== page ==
Jellyfish Lake is an isolated saltwater lake in the Pacific island of Palau. In the geologic past it was tied to the ocean acquring jellyfish. These jellyfish have become an isolated population lossing thier nematocysts (stinging cells). They thrive in the lake at high number due to the lack of predators. [from Rick Macpherson] The jellies have acquired algal endosymbionts in their tissue (same genus as the zooxanthellae in coral)… during the day, the jellies rise to the surface in masses and track along the surface of the lake as the earth rotates… at night, the jellies sink to the deeper, anoxic but hyper-nitrogen waters of the lake to “fertilize” their algal tentants.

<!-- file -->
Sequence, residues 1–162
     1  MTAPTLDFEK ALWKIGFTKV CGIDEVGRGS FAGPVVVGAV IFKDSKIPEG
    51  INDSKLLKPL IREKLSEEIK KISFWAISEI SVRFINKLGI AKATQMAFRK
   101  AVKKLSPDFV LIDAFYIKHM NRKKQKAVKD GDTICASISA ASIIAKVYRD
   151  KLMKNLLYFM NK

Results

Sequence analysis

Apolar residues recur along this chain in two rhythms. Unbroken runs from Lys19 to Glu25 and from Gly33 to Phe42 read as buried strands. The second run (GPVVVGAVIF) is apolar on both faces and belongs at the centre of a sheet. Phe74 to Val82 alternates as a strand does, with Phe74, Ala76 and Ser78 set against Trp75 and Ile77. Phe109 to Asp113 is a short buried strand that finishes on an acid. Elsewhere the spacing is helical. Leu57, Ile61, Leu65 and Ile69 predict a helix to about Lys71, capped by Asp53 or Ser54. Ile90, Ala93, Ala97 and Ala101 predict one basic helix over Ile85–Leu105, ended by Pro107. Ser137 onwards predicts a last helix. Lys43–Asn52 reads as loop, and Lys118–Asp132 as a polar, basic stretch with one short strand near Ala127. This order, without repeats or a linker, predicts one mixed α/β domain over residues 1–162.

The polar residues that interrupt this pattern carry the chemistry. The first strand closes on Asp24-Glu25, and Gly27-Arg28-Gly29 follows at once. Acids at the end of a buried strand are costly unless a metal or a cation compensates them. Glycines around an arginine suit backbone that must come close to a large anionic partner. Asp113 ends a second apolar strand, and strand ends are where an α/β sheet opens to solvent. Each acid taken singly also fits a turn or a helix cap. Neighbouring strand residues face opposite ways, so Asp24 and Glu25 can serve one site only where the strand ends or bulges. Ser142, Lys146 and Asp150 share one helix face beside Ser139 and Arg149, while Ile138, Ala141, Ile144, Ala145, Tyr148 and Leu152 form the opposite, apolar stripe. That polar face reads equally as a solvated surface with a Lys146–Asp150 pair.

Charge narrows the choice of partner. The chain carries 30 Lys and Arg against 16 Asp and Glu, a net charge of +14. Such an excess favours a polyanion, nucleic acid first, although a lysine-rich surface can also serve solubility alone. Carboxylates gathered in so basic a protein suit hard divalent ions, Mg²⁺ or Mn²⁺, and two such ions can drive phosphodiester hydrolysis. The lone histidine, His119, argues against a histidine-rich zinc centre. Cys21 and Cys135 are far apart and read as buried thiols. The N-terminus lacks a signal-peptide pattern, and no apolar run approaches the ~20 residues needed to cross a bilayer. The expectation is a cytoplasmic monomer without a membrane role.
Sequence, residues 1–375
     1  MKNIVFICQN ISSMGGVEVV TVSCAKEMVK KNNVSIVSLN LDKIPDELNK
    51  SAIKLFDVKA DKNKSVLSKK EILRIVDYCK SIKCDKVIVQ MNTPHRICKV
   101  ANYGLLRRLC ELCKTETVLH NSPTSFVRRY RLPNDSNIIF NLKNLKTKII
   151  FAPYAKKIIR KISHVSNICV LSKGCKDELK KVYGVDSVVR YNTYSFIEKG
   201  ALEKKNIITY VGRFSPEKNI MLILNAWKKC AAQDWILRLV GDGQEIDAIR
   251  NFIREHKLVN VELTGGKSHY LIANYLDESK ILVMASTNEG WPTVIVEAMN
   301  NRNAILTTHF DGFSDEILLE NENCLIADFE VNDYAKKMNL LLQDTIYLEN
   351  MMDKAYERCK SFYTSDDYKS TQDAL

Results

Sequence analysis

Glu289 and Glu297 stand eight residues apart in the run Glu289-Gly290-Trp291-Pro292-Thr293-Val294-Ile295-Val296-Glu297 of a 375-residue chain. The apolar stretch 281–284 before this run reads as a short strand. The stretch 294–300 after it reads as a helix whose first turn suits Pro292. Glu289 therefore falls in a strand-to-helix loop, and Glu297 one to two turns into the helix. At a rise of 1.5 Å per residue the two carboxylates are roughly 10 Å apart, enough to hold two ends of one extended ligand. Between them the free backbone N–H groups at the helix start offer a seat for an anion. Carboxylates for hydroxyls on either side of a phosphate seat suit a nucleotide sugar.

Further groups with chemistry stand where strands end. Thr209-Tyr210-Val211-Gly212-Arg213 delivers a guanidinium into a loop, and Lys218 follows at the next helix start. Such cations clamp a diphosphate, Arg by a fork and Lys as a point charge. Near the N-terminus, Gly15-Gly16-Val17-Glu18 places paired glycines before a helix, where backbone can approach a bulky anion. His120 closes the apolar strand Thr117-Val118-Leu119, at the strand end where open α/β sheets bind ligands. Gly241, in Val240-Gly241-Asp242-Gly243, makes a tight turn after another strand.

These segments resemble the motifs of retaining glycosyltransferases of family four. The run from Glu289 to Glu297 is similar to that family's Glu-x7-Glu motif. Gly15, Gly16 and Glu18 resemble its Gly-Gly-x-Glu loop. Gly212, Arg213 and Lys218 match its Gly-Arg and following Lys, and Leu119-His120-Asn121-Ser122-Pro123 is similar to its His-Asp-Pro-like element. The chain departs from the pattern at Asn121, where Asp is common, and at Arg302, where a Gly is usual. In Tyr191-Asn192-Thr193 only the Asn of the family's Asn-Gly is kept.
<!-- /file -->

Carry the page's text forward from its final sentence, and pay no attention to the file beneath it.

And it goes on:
Craig McClain is the Executive Director of the Lousiana University Marine Consortium. He has conducted deep-sea research for 20 years and published over 50 papers in the area. He has participated in and led dozens of oceanographic expeditions taken him to the Antarctic and the most remote regions of the Pacific and Atlantic. Craig’s research focuses on how energy drives the biology of marine invertebrates from individuals to ecosystems, specifically, seeking to uncover how organisms are adapted to different levels of carbon availability, i.e. food, and how this determines the kinds and number of species in different parts of the oceans. Additionally, Craig is obsessed with the size of things. Sometimes this translated into actually scientific research. Craig’s research has been featured on National Public Radio, Discovery Channel, Fox News, National Geographic and ABC News. In addition to his scientific research, Craig also advocates the need for scientists to connect with the public and is the founder and chief editor of the acclaimed Deep-Sea News (http://deepseanews.com/), a popular ocean-themed blog that has won numerous awards. His writing has been featured in Cosmos, Science Illustrated, American Scientist, Wired, Mental Floss, and the Open Lab: The Best Science Writing on the Web.